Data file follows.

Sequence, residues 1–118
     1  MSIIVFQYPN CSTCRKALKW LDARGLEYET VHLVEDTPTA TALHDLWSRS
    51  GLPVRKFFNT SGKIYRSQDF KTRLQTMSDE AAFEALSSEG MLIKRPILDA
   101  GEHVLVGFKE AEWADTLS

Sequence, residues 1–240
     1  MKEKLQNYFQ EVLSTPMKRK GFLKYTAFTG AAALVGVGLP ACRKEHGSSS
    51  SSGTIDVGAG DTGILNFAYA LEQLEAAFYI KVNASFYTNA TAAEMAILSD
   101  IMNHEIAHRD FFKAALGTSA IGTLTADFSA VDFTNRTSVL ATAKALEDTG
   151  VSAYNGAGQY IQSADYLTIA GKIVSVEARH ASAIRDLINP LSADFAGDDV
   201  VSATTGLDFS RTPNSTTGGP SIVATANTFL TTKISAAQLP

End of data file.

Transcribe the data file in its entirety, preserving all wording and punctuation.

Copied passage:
Sequence, residues 1–118
     1  MSIIVFQYPN CSTCRKALKW LDARGLEYET VHLVEDTPTA TALHDLWSRS
    51  GLPVRKFFNT SGKIYRSQDF KTRLQTMSDE AAFEALSSEG MLIKRPILDA
   101  GEHVLVGFKE AEWADTLS

Sequence, residues 1–240
     1  MKEKLQNYFQ EVLSTPMKRK GFLKYTAFTG AAALVGVGLP ACRKEHGSSS
    51  SSGTIDVGAG DTGILNFAYA LEQLEAAFYI KVNASFYTNA TAAEMAILSD
   101  IMNHEIAHRD FFKAALGTSA IGTLTADFSA VDFTNRTSVL ATAKALEDTG
   151  VSAYNGAGQY IQSADYLTIA GKIVSVEARH ASAIRDLINP LSADFAGDDV
   201  VSATTGLDFS RTPNSTTGGP SIVATANTFL TTKISAAQLP